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Have you ever gotten a splinter from a rough piece of wood? Did you snuggle with your favorite baby blanket or stuffed toy as a child? Textures are all around us: gravel paths, tree bark, bricks, cat fur, a soft blanket or a stone wall. Texture adds variety, interest and contrast to objects, art, and even buildings – outside and inside. There are three categories of texture: tactile, visual, and audible. Tactile texture is the feel of a material to human touch. Visual texture affects how an object or room looks, and audible texture affects how the object or room sounds. Texture can be very important, especially for people who cannot see and rely on their sense of touch to identify things; they even read using braille.

Depending on the surfaces of materials used, sounds in a room can be amplified (made louder) or dampened (made softer). Audible texture also refers to how a surface sounds when rubbed. Touch texture!

Activity 1 – Texture Rubbings

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You will need some paper and crayons, charcoal, or pencils. First, choose several objects such as coins, rocks, fabric, sea shells, clothing, wood, etc. Place a piece of paper over the object or surface. Remove the paper from a crayon and break it in half, or use charcoal or pencil. Using the flat long side, press firmly on the paper and make back and forth strokes coloring over the object. Miraculously the hidden object or surface will reveal its texture to you!!! Retrace your steps around your block. This time select 10 textures to rub. Cut out your favorite rubbings and place them in your journal with the date and place. When you travel you can keep a texture record of where you have been, the things that you have touched, and the memories that have touched you!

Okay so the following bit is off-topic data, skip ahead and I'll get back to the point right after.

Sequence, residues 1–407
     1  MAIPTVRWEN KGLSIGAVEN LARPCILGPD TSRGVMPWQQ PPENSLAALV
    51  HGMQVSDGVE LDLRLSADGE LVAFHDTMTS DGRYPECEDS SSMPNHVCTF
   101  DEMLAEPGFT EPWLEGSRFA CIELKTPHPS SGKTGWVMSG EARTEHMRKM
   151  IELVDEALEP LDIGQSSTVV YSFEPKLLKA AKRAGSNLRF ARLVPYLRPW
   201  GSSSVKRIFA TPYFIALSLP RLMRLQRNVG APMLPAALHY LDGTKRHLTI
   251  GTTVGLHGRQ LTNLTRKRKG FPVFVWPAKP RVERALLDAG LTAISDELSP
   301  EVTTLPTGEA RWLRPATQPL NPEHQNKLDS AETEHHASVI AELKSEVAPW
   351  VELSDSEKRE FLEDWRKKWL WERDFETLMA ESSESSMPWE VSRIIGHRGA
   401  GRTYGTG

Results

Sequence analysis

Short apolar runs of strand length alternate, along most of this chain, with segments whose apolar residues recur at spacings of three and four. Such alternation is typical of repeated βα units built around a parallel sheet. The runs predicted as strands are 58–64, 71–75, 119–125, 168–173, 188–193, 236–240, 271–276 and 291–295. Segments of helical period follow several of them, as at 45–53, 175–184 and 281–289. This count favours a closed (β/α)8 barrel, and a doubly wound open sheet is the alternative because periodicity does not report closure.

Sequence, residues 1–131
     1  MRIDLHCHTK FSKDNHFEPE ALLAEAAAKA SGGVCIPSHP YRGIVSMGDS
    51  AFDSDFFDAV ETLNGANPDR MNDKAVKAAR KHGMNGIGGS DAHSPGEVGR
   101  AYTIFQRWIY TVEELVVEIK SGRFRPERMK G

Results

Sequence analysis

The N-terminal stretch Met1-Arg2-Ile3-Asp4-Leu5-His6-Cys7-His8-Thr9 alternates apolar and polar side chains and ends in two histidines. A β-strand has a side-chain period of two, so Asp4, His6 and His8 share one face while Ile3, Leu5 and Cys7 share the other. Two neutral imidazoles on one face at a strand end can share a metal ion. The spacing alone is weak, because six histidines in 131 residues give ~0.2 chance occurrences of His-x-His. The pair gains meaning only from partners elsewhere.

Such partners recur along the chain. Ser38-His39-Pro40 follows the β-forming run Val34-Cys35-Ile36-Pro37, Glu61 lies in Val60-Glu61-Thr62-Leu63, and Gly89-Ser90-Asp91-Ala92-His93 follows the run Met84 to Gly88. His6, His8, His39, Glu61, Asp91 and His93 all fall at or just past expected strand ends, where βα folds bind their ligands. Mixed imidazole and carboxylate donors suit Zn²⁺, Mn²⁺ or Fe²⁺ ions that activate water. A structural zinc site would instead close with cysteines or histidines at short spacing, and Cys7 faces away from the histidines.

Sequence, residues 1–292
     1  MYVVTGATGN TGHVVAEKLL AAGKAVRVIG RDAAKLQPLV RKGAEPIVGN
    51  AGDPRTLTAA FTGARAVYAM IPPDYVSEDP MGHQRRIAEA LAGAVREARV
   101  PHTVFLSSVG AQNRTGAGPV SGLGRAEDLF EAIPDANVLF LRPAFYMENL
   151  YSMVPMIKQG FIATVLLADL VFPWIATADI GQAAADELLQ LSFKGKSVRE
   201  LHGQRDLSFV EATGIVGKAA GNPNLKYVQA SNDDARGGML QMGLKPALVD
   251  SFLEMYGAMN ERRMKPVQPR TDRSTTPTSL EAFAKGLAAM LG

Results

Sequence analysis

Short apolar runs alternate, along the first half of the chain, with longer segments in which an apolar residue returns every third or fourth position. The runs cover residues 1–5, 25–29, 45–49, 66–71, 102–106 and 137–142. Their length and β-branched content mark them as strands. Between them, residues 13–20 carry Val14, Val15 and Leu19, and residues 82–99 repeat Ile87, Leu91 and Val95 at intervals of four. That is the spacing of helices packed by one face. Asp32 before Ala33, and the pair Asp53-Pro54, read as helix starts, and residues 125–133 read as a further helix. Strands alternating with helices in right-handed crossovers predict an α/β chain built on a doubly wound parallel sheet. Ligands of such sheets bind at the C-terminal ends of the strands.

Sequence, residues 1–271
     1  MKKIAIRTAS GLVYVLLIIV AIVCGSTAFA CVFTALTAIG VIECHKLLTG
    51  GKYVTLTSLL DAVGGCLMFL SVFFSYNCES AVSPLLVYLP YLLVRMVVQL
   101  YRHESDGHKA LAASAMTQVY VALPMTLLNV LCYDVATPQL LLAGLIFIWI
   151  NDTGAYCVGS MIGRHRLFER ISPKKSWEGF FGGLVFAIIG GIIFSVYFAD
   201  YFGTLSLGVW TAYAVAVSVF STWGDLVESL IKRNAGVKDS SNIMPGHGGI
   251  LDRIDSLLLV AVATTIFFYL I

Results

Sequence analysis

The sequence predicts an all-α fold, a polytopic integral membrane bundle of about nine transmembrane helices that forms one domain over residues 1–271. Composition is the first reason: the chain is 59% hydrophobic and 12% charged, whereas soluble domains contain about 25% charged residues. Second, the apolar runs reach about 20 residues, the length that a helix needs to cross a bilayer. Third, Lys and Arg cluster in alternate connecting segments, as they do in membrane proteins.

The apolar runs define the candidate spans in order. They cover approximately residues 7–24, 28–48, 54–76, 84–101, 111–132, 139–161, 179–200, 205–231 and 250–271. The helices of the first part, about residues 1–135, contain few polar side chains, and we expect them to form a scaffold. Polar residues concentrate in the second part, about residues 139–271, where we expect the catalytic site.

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Activity 2 – Texture Imaging and Mapping

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Make copies of some of your textures or use some of the textures shown. Cut and paste the textures into 1) a regular composition and 2) an irregular composition. What is the difference? Where do you think you would use the regular vs. the irregular? Artists and designers work with simulated and actual texture. Paste your texture compositions in your journal and make notes where you might want to use your new visual texture skills! On the computer, you can make a three dimensional shape and map any scanned texture on to it. Check this out at texture mapping. Print your texture mapped object in several texture variations. Print and paste them in your journal.

Activity 3 – Texture Experiencing